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Bussie v. United States

Municipal Court of Appeals for the District of Columbia
Jun 1, 1951
81 A.2d 247 (D.C. 1951)


No. 1035.

Argued May 7, 1951.

Decided June 1, 1951. Rehearing Denied June 25, 1951.

Robert I. Miller, Washington, D.C., for appellant.

Thomas A. Flannery, Asst. U.S. Atty., Washington, D.C., George Morris Fay, U.S. Atty. and Joseph M. Howard, Asst. U.S. Atty., Washington, D.C., on the brief, for appellee.

Before CAYTON, Chief Judge, and HOOD and CLAGETT, Associate Judges.

A jury having convicted him of violating Code 1940, Supp. VII, 23-3204, by carrying a gun without a license, Robert Bussie brings this appeal.

Challenging the sufficiency of the government's evidence, he specifically asserts that the prosecution did not properly prove that he did not have a license to carry a gun. The evidence against which he directs his attack was that of a lieutenant of the Metropolitan Police Department who testified "that he had searched the records of all persons who held licenses to carry pistols in the District of Columbia and that there was no record that the defendant had a license to carry a pistol." Defendant offered no proof in his own behalf.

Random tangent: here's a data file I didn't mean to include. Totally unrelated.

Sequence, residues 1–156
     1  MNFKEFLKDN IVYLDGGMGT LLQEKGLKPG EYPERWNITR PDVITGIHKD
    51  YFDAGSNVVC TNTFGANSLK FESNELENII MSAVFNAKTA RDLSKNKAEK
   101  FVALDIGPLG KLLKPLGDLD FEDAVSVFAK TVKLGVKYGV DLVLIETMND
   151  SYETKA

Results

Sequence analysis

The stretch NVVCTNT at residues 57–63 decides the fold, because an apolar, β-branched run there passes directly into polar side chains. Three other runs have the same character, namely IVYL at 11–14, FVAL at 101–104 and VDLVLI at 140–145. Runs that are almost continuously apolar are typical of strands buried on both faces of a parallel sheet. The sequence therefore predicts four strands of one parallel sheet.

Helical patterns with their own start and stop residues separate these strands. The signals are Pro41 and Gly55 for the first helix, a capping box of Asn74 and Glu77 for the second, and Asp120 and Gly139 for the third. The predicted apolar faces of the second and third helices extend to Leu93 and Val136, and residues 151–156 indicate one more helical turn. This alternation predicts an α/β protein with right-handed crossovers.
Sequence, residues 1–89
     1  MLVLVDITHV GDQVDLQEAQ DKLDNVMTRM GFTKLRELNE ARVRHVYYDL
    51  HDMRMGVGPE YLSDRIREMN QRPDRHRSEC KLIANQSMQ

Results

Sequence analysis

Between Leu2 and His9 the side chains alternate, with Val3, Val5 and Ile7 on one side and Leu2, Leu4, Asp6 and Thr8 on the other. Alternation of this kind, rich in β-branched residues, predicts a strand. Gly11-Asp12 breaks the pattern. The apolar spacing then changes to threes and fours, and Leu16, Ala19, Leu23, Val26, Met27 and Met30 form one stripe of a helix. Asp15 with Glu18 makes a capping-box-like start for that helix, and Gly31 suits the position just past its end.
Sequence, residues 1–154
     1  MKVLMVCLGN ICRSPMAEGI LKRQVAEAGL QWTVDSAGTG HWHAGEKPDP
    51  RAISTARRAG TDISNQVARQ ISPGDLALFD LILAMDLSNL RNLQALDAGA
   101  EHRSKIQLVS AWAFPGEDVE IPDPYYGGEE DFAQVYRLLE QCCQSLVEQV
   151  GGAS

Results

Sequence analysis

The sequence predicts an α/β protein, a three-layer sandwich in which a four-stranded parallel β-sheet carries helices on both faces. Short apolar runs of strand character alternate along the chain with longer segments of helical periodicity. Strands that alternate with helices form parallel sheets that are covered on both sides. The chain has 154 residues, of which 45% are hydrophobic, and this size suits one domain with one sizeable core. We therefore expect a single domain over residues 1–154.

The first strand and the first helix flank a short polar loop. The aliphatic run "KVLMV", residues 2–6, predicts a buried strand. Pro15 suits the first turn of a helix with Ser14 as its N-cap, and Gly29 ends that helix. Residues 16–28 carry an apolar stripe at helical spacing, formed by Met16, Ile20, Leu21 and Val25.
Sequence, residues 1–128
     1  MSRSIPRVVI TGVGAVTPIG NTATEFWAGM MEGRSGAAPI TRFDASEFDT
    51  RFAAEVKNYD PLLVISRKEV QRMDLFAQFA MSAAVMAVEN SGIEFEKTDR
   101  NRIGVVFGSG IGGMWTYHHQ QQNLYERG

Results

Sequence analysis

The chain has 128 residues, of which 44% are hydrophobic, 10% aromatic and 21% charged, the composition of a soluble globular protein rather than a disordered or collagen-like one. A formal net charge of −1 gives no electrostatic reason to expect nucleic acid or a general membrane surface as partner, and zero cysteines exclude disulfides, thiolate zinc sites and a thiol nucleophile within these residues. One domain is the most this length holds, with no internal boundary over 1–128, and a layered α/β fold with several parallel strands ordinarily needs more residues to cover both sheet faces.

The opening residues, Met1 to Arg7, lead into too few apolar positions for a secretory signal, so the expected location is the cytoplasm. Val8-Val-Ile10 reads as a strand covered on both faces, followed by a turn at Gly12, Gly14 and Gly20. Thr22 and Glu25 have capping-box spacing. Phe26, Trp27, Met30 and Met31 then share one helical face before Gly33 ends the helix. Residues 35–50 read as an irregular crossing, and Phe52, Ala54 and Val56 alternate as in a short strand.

In Brown v. United States, D.C.Mun.App., 66 A.2d 491, we traced the history of the applicable statute, discussed several of its aspects, and made comparisons with decisions in other jurisdictions on the question as to whether the burden was on the government or the defendant to prove lack of a license. We ruled that the burden was on the prosecution not only to prove that defendant was carrying the weapon but to allege and prove affirmatively that he did not have a license.

This appellant is asking us to rule that such proof can only be established by producing the original record of all licenses for carrying guns issued by the superintendent of police. He argues that the trial court should not have received the testimony of the police lieutenant to show that appellant's name was not among those to whom licenses had been issued.

Reason and logic do not suggest such a standard of proof; nor does precedent require it. The government accused a citizen of carrying a gun without a license. In addition to proving that the accused carried the gun, the government needed only to prove that he had no license to carry it. To sustain that burden it was not necessary that the government prove all the contents of a record, but only to establish a negative — that no license to carry a gun had been issued to defendant. It was not improper to prove such a negative by oral testimony of one who had searched an entire group of entries and was prepared to report that it does not contain a specific entry. See Shore v. United States, 61 App.D.C. 18, 56 F.2d 490. Such is primary evidence of a state of facts and not hearsay. Wharton's Criminal Evidence, 11th Ed., § 386. Wigmore on Evidence, 3rd Ed., § 1678.